A vector for direct expression is constructed by modification of the plasmid ptrpE30 by the removal of 23-29 nucleotides using T4 DNA polymerase and S1 nuclease as described above.
The modified cDNA and the modified expression vector are provided with a specific linker having the sequence 5′-CCGGATCCGG-3′ on one strand and its complementary sequence on the other by blunt-end ligation using DNA ligase as described by Valenzuela, supra. The linkers provide restriction sites sensitive to Bam HI endonuclease which are employed to facilitate insertion. Insertion is accomplished by following the procedure of Ullrich, A., et al, supra. Host bacteria E. coli HB101 or E. coli X1776 are transformed by the recombinant vectors bearing the inserted modified growth pre-hormone coding region and transformants are selected for resistance to ampicillin. A single transformant designated ptrpE30/bGH is selected for further analysis.
Bacterial cells transformed by ptrE30/bGH are grown in a standard minimal medium (M9) supplemented with Leu, Pro, vitamin B1 and ampicillin at 37° C. In early log phase, the trp operon is induced by the addition of β-indolylacrylic acid (30 μg/ml medium). Control cultures are left uninduced. After three more hours of growth, 1,5 ml of cells are radioactively labelled by the addition of 20 μCi of 35S-L-Met and incubated for 10 minutes. The cells are collected by centrifugation, washed and resuspended in 250 μl of buffer containing 10% (v/v) glycol, 5% (v/v) 8-mercaptoethanol and 2.3% (w/v) SDS in 0.0625M Tris, pH 6.8, The suspension is boiled for five minutes, then applied to a 10% (w/v) SDS-polyacrylamide gel and fractionated by electrophoresis. The protein bands are visualized by autoradiography, The results show the existence of a new protein band of about 24,000 daltons not observed in the un-induced or non-transformed cultures.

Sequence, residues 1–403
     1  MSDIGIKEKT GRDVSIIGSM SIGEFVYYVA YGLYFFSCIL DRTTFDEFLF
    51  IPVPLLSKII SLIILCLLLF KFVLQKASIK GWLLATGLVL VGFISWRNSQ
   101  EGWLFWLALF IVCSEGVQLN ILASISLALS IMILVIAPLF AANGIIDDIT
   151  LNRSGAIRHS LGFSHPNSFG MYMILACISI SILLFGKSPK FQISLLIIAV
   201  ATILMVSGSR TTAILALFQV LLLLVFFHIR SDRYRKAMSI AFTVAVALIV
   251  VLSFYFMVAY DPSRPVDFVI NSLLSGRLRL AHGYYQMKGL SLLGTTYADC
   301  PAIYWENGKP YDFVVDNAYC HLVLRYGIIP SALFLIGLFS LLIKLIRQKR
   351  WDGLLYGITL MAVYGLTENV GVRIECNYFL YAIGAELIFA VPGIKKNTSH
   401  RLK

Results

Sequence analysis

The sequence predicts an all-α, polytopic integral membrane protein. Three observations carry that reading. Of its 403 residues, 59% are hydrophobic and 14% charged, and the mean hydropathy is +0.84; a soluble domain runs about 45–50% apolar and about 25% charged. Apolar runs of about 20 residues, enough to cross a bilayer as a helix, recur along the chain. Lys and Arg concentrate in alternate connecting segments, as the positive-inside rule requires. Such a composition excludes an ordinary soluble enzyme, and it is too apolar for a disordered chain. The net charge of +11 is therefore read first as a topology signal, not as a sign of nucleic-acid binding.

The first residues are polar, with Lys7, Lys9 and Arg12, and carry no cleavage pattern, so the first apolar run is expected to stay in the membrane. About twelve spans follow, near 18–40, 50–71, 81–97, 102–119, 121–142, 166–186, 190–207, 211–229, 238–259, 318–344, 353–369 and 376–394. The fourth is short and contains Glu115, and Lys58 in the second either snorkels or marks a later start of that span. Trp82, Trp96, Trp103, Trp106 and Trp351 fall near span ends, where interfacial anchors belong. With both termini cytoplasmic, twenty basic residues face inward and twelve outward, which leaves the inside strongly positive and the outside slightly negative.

The bovine growth pre-hormone is purified by conventional techniques including, for example, gel filtration, ion exchange chromatography, affinity chromatography and differential solubility techniques. Growth pre-hormone is converted to growth hormone by following the procedure described by Jackson, et al, supra.
While the invention has been described in connection with specific embodiments thereof, it will be understood that it is capable of further modifications. This application is intended to cover any variations, uses or adaptations of the invention following, in general, the principles of the invention and including such departures from the present disclosure as come within known and customary practice within the art to which the invention pertains.
Plasmid pBP348, containing bovine growth hormone encoding sequences, and transfected into E. coli strain X1776, has been deposited at the American Type Culture Collection, Rockville, Md., on Aug. 26, 1980, and has ATCC No. 31686.
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|Citing Patent||Filing date||Publication date||Applicant||Title|
|US8680050||Aug 2, 2010||Mar 25, 2014||Amunix Operating Inc.||Growth hormone polypeptides fused to extended recombinant polypeptides and methods of making and using same|
|US9168312||Jan 10, 2014||Oct 27, 2015||Amunix Operating Inc.||Growth hormone polypeptides and methods of making and using same|
|US20110172146 *||Aug 2, 2010||Jul 14, 2011||Amunix Operating, Inc.||Growth hormone polypeptides and methods of making and using same|
|U.S. Classification||435/69.4, 435/243, 435/252.3, 536/23.51|
|International Classification||C07K14/61, C12N15/71, C12N15/18|
|Cooperative Classification||C07K2319/02, C12N15/71, C07K14/61, C07K2319/75, C07K2319/00|
|European Classification||C07K14/61, C12N15/71|
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|Sep 20, 2005||CC||Certificate of correction|